Bags of chips, cans of soda, jars of salsa, boxes of cereal, and more now bear "natural" labels. These products may be sourced from foods that grow under the sun, but crackers don't bloom on trees and carbonated drinks don't bubble up from mountain springs. When it comes to food labels, what does the word "natural" really mean?
Natural and organic foods and beverages are the fastest growing categories in the grocery store. Consumers spend more than $25 billion a year on such foods, and the market may double in the next three years, according to market research.
Retailers often link the terms "natural" and "organic," making the strong implication that they are interchangeable. Unlike "natural," the word "organic" is defined and regulated by the U.S. government. "Natural," on the other hand, may mean something-or nothing at all. The U.S. Dept. of Agriculture (USDA) maintains and enforces guidelines for the use of the term as applied to meat and poultry. "Natural" in this case means no artificial ingredients or added colors, and can be only minimally processed. But these rules ONLY apply to meat and poultry products, including eggs and cuts of meat.
With other foods, "natural" has no legal meaning. This means that companies are free to put the label on practically any product. For example, consider the issue of whether cola can be natural. Many colas contain only a few ingredients: filtered carbonated water, preservatives (like citric acid) and high fructose corn syrup, which may be derived from a natural source but is produced by a complex process.
In part because high fructose corn syrup is widely used as a substitute for sugar, the Sugar Association has petitioned the Food and Drug Administration (FDA) to adopt the USDA's definition of the term "natural" for all foods, not just meat and poultry. The Sugar Association feels that it should be used for all products that do not contain artificial or synthetic ingredients and is not more than minimally processed. Such a standard would call into question many products that currently bear natural label (frozen pizzas, potato chips, and colas) because of their high fructose corn syrup, partially hydrogenated oils and modified starches and fats, chemical preservatives, and artificial sweeteners.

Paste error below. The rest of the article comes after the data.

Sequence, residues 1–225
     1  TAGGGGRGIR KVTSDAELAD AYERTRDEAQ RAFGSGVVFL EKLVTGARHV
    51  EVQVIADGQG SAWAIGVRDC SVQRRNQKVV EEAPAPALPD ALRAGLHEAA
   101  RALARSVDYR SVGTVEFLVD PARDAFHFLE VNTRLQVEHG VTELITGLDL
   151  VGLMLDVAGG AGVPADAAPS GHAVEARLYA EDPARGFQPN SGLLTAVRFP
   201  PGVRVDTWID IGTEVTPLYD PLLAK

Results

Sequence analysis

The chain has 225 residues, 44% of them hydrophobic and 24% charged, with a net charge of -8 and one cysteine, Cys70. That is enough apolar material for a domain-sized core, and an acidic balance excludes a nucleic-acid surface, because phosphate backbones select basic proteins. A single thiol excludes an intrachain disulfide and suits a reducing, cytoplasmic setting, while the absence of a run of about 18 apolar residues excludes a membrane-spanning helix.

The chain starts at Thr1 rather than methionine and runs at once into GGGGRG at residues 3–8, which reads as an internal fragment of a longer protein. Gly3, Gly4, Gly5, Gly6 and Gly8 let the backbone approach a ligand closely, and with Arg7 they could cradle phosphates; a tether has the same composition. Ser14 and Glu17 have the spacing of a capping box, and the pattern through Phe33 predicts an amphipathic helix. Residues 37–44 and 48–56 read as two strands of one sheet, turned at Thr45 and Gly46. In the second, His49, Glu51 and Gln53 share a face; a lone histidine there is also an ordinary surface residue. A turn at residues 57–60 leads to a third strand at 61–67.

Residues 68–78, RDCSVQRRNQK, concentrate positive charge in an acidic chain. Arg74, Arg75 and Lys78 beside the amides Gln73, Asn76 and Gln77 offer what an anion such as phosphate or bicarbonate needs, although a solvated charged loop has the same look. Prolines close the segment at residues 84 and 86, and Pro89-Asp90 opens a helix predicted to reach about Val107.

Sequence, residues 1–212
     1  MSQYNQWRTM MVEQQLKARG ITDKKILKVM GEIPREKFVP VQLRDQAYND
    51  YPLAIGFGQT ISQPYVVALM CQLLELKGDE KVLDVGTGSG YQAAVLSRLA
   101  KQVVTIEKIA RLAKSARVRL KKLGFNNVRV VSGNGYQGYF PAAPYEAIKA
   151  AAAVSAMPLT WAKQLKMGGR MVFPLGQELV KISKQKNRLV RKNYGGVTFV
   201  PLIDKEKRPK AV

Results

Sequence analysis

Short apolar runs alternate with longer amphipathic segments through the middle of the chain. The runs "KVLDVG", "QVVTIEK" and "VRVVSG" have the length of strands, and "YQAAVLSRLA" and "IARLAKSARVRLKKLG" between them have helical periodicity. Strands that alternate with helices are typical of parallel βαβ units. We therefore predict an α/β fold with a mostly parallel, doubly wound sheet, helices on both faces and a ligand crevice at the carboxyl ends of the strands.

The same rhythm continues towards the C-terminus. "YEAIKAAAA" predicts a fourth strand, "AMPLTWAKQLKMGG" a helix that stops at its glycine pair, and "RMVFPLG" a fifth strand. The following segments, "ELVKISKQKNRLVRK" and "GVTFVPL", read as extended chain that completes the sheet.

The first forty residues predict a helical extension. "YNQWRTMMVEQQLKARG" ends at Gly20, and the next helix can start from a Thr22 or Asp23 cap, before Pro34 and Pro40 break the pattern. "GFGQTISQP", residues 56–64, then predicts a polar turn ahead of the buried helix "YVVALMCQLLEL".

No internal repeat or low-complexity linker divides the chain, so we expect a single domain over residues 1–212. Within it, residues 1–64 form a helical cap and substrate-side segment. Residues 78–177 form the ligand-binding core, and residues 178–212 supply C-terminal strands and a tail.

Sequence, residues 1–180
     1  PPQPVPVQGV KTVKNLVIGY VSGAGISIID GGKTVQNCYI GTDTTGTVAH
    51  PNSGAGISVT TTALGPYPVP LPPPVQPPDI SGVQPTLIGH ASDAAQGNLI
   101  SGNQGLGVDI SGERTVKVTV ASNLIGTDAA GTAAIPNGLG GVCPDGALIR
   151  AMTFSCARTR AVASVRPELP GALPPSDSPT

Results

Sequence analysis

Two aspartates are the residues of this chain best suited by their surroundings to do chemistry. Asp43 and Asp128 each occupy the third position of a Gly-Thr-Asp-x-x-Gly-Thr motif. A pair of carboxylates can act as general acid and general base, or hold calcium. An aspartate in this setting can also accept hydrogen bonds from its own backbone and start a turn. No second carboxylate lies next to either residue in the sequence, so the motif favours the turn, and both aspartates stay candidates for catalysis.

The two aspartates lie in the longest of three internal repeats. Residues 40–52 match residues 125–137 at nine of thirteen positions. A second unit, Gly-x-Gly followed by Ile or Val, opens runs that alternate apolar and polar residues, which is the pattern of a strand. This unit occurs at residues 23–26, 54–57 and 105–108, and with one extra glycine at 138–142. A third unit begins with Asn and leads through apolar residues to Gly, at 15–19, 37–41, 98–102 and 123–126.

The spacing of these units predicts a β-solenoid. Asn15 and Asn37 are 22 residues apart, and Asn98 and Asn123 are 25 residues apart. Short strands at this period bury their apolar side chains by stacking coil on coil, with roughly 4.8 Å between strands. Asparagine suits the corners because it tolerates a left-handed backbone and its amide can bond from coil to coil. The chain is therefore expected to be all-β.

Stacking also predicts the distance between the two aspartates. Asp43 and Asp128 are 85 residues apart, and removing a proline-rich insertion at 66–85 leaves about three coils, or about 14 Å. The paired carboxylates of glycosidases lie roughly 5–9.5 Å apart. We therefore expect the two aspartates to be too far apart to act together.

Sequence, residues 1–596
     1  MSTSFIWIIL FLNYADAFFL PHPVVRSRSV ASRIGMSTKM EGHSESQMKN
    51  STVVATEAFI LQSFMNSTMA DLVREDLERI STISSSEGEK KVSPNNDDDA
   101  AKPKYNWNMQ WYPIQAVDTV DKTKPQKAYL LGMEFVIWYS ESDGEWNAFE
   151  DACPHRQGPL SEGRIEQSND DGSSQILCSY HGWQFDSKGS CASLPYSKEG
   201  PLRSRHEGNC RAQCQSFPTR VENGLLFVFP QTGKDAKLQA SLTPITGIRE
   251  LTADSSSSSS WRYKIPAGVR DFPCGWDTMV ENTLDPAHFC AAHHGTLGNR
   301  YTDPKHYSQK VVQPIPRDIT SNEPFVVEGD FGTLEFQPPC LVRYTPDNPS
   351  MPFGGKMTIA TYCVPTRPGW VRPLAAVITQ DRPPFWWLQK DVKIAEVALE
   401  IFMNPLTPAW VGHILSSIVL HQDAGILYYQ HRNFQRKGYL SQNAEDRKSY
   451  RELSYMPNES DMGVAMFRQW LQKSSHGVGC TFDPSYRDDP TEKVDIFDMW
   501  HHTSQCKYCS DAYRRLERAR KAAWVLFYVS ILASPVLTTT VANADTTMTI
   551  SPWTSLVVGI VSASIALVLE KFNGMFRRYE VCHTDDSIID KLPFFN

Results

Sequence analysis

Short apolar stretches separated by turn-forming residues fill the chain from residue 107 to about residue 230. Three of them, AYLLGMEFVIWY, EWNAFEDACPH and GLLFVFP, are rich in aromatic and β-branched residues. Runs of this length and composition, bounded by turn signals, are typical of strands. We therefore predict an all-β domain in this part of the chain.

What can you do to ensure that you are buying natural foods? Here are some tips:
1) Choose whole foods - Whole foods are the best nutritional bargains-regardless of whether they are organic or conventionally farmed.
2) Opt for organic - Buy a food bearing the green and white USDA organic label, and know that it was produced without conventional fertilizers or pesticides, contains no genetically modified ingredients, and in the case of dairy products-is free from antibiotics and growth hormones. It also means that any entity that has handled or processed the food before it reaches the supermarket shelves (or restaurant) is certified organic, as well.
3) Look for other well-defined label terms - The terms "low fat," "high fiber," "low calorie," and specific health claims (such as "heart healthy") are carefully defined and regulated by the FDA.
4) Remember that natural and organic foods can be high in calories - The word natural creates a level of confidence on the part of the health-conscious consumer that a food is somehow better for you. For example, potato chips may be all natural but they are still a high fat food with a lot of calories.
5) Read the ingredient list - Look at the back of any package to best assess what's really in a product. The front of the product is the billboard but you need to read the ingredients list. Make sure that the list seems appropriate for the product that you are buying.
More natural than you might think:
Some food additives are completely natural, although you might not know it from their names:
Ascorbic acid - This is another name for vitamin C. When added to foods, this citrus food derivative acts as a preservative. Citric acid, although similar, is used mainly to impart a sour taste.
Acacia and guar gum - These are binding agents that help thicken a food. Each is harvested from a tree or shrub of the same name.
L. bulgaricus and L. thermophilus - These are two of the beneficial bacteria most commonly added to yogurt.
Lecithin - This emulsifying and moisturizing agent is a component of soybeans or egg yolks and is used to help foods stay moist.